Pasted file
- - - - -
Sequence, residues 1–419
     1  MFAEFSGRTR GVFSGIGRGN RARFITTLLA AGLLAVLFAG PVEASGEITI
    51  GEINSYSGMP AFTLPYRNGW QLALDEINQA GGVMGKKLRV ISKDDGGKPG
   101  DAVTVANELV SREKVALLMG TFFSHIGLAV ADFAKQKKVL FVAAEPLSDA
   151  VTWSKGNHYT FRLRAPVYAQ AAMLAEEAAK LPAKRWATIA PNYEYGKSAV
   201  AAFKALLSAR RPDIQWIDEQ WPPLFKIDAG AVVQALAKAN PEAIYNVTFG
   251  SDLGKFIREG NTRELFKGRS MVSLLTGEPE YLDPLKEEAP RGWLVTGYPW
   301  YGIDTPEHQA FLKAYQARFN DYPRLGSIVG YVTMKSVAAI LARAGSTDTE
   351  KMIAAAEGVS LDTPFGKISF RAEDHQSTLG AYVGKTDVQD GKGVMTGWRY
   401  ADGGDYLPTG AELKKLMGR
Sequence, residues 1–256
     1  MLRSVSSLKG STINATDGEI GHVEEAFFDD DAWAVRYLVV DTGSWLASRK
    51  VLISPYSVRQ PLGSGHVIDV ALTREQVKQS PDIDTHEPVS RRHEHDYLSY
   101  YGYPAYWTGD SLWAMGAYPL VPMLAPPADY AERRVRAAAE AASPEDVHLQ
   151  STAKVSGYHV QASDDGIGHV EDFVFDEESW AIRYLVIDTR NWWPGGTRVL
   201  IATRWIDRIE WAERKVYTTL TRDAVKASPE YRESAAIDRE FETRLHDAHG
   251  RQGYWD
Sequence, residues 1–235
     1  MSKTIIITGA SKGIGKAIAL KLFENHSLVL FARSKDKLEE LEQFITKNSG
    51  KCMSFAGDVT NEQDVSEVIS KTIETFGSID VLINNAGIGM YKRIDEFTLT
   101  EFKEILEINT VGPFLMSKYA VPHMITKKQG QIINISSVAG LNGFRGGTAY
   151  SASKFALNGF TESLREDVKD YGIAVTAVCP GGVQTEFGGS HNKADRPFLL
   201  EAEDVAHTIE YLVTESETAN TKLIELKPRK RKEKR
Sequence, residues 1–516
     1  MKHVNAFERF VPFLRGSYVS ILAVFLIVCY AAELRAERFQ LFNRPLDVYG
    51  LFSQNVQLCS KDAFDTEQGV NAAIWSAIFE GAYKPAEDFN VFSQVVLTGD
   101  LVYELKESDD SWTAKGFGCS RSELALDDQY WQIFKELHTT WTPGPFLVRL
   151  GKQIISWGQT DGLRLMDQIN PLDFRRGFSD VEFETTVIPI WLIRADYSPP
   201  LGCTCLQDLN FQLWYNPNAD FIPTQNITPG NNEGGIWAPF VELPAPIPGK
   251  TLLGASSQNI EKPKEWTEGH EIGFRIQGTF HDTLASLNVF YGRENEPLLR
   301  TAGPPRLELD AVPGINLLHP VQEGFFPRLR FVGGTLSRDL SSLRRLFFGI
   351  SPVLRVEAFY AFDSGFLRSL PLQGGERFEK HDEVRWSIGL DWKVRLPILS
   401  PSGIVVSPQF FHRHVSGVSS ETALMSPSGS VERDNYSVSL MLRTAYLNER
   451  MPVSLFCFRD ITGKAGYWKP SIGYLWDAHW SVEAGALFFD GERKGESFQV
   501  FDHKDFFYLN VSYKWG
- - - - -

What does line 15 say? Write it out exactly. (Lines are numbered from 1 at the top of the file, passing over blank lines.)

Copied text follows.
   151  STAKVSGYHV QASDDGIGHV EDFVFDEESW AIRYLVIDTR NWWPGGTRVL